What we’re tracking on 23 June 2020
Good morning, friends. Just two more days and we slide into the weekend. Have you made plans yet? Judging from the record number of email auto-replies we’ve gotten the past two Sundays, it looks like plenty of you have slipped into three-day weekend mode for summer.
SIGN OF THE TIMES- EFG Hermes has kicked off its first-ever virtual investment conference: The investment bank is holding a six-day Virtual Investor Conference, which kicked off yesterday and wraps on 30 June, allowing executives from 72 companies to connect with more than 480 investors with USD 15 tn in assets under management. You can check out the firm’s press release here (pdf) or visit the conference website here.
The CBE will meet to review interest rates on Thursday, 25 June. Our poll earlier this week showed consensus among analysts that the central bank’s Monetary Policy Committee will leave rates where they are for the third consecutive meeting. A Reuters poll published yesterday found similar results.
The IMF’s executive board will meet on Friday to discuss Egypt’s request for a USD 5.2 bn standby facility, according to the fund’s calendar.
Three things to watch for today:
The still-unfolding saga of GERD, where we have appealed to the UN Security Council to get involved. More likely to make headlines today are any new developments in Libya. France accused Turkey late yesterday of playing a “dangerous game” on our western border and a mouthpiece for the Nutter in Ankara declared that its proxy in Libya saw “Egypt’s military threat [as] a declaration of war.” The US has expressed support for Cairo-brokered peace talks and urged an immediate ceasefire, as have Germany and Italy, who fear a new influx in migrants if tensions escalate any further, according to the Associated Press.
On the markets front: Stock futures have recovered after swooning earlier in the night when White House trade advisor Peter Navarro said the US trade pact with China was “over.” Futures recovered after Navarro walked back his remarks. Asian markets are mixed in early trading and stock futures now paint a similar picture for Europe and the US when shares start changing hands later today.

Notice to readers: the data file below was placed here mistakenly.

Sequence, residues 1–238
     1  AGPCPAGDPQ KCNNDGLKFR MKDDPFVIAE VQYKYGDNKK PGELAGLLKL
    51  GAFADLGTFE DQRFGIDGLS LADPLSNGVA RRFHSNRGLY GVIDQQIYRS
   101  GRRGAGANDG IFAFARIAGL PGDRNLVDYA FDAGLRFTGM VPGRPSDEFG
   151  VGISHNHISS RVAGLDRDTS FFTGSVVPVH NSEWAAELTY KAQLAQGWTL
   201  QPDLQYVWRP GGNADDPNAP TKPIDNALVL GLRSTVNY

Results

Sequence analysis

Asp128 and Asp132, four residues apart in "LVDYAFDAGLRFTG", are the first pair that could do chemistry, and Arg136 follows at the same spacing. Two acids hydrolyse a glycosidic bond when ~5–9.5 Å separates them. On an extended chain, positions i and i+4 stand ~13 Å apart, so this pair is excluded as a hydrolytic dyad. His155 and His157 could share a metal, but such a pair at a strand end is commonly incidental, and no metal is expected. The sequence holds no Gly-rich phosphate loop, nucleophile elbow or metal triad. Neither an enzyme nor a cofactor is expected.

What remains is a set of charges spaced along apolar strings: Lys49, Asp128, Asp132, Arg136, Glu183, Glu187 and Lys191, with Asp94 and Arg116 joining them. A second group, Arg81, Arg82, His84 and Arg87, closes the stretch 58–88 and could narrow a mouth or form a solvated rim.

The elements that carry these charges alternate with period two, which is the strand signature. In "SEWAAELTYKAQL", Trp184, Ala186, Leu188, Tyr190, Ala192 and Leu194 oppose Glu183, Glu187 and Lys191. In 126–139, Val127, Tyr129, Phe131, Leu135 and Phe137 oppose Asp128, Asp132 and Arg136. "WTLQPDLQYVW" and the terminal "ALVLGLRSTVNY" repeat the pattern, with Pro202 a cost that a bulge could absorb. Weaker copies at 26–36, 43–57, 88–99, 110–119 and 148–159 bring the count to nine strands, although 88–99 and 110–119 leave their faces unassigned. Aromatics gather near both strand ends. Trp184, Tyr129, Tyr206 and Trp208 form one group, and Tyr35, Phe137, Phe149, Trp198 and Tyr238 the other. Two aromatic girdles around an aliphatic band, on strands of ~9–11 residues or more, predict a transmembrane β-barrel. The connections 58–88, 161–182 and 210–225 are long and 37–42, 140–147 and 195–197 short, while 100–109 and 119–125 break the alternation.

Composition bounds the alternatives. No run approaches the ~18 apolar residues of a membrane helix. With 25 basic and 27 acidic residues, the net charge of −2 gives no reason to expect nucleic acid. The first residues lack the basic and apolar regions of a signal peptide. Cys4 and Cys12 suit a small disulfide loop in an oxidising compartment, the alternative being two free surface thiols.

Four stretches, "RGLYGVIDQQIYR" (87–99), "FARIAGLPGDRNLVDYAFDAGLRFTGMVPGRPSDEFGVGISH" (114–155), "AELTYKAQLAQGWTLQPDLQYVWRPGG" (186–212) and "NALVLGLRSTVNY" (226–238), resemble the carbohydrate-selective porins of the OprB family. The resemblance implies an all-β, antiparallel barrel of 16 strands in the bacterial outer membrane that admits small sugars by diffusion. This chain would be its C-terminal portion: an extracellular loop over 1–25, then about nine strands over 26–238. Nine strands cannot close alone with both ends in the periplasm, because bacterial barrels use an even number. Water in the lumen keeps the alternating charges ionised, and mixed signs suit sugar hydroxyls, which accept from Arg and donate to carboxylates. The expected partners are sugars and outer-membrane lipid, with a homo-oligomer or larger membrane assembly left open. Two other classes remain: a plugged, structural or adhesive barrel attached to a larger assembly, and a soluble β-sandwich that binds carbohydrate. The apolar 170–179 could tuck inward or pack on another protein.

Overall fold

COVID-19 IN EGYPT-
The Health Ministry confirmed 85 new deaths from covid-19 yesterday, bringing the country’s total death toll to 2,278. Egypt has now disclosed a total of 56,809 confirmed cases of covid-19, after the ministry reported 1,576 new infections yesterday. We now have a total of 16,613 confirmed cases that have since tested negative for the virus after being hospitalized or isolated, of whom 15,133 have fully recovered.
Infections could slow in September, but we’re looking at another wave in winter: Egypt’s covid-19 case tally will likely begin to taper off by September, but a second wave of infections around wintertime is all but certain, member of the Health Ministry’s covid-19 task force Ahmed Shawky told ‘Ala Mas’ouleety’s Ahmed Moussa (watch, runtime: 14:45).
Egypt could have more than 600k covid-19 cases -Baseera: More than 600k Egyptian adults may have contracted the novel coronavirus, according to a survey conducted by the Egyptian Center for Public Opinion Research (better known as Baseera). In a poll of more than 3k Egyptians, an average of 10.1 per thousand reported contracting the virus that causes covid-19. Extrapolating the data to the broader population would mean that around 616k people have been infected, Baseera said. Of the respondents who said they had contracted the virus, 12% said they had been hospitalized (which is equivalent to around 74k individuals — a figure Baseera says is within the same [rough] ballpark as the Health Ministry’s confirmed case tally), while 66% isolated at home, 39% followed up with a doctor, and 61% underwent treatment.
The most common symptom among Egyptians is a high fever: Only 39% of cases reported experiencing three or more covid-19 symptoms with the most common symptom being a high fever at 67%, followed by vomiting and diarrhea (39%), a severe cough (37%), congestion (31%), loss of smell or taste (13%), and abdominal pain (13%). Most respondents (38%) were diagnosed using a chest scan; only 15% said they had had a PCR test.
The survey was big news on last night’s talk shows (details below), and a quick note here: The 600k cases, if accurate, includes folks who had a sniffle and stayed home weeks ago — it is not a measure of the current active case load in Egypt.
Rameda to manufacture Avigan substitute, Aviziram, to treat covid-19: Our friends at Rameda will start locally manufacturing the antiviral Anviziram (which contains the same active ingredient as in Avigan) as a possible treatment for covid-19, according to a statement (pdf). Rameda will also manufacture the antiviral med Remdesivir for intravenous administration. All production is initially earmarked for the domestic market, the company said.
Eva Pharma is working to begin manufacturing Avifavir, a Russian-produced generic version of Avigan, CEO Riad Armanious said, according to the local press.
Vezeeta launches recruitment drive as healthcare demand surges: Vezeeta is recruiting new employees across MENA — including in Egypt — on a work-from-home basis amid rising demand for digital healthcare solutions, the company said in a statement.